The Rangers did not secure last season's top seed in the Eastern Conference on skill, but rather they did so on the gritty, physical, self-sacrificing style of play that the team has taken years to cultivate as its collective identity.
That has been missing so far this season as the team dropped its first two games of the lockout-shortened 48-game schedule.
"We definitely have to have more bite than we did in the first two games," said veteran center and alternate captain Brad Richards.
With one goal and two assists through the opening weekend, Richards has been one of the team's top contributors. But he isn't getting that much help. The Rangers haven't shown the elements that made them one of the most feared opponents in the league last year. They've been beaten to pucks, out-muscled in individual battles and hemmed into their own zone for long stretches in each game.
Now they're four points out of the Atlantic Division lead, a stat that should be laughable if not for the truncated 2013 season and the importance of a hot start.
"It's hard to pinpoint why that desperation and the way we play hasn't come around yet," defenseman Marc Staal told ESPNNewYork.com. "I think it's all mental. We have to get that arrogance back."
"The corner battles, the good stick play, the things that were lights-out for us last year, we've got to get back to that," Staal said.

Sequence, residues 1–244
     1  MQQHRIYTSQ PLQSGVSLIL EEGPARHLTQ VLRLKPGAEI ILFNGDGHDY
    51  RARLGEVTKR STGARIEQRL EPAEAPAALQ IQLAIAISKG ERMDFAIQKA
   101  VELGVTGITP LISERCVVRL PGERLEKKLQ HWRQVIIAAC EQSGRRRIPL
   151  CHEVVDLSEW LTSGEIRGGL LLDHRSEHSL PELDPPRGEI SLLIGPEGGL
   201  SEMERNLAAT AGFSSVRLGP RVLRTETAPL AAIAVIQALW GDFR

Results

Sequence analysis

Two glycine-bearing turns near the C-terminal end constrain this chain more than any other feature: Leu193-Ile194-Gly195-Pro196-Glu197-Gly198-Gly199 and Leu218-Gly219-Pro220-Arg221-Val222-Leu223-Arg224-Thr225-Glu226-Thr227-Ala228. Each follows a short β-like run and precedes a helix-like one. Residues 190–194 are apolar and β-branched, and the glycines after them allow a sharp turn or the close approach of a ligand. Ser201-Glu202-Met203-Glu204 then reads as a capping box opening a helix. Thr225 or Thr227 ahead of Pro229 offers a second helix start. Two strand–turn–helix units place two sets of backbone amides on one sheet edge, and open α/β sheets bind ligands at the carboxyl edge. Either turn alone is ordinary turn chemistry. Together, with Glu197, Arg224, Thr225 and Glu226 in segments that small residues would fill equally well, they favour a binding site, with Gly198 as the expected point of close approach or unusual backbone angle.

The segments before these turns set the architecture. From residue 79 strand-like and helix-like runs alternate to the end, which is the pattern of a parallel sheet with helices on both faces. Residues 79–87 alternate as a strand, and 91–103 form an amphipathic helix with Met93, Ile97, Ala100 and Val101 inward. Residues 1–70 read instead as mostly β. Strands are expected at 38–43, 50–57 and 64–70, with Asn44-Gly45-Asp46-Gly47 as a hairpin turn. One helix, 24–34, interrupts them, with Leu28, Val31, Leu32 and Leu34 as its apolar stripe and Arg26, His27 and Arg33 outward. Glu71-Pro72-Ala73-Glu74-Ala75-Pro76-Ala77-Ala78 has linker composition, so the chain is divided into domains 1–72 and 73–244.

Coach John Tortorella believes it's mental, too. But that's no excuse.
"Plain and simple, we're not hard enough," he said.
Tortorella said the team's mindset must improve and that the team must not and will not use lockout rust or an uncharacteristically short training camp as a crutch. Mental toughness has to be an active choice.
"The other teams, they seem to find it," Tortorella said. "We haven't."
Thankfully for the Rangers, the team will not be without winger Chris Kreider on Wednesday in a quick turnaround rematch against the Bruins at home. Kreider practiced Tuesday despite looking shaken up after an crushing open-ice hit from Penguins defenseman Brooks Orpik on Sunday.
Kreider said his jaw tightened up after the hit but that no concussion test was needed.
"I think there's a lot more that I can give," Kreider said. "From a team standpoint, I know guys aren't happy with where we're at."
Making the daunting jump from college hockey to the NHL in the middle of the Eastern Conference quarterfinals last season, Kreider got a quick feel for what type of team he was joining. That's what he hopes to see again soon.
"Stubborn. Really, really hard to play against," he said. "Teams that see us on the schedule and say that 'we're in for a tough game.'"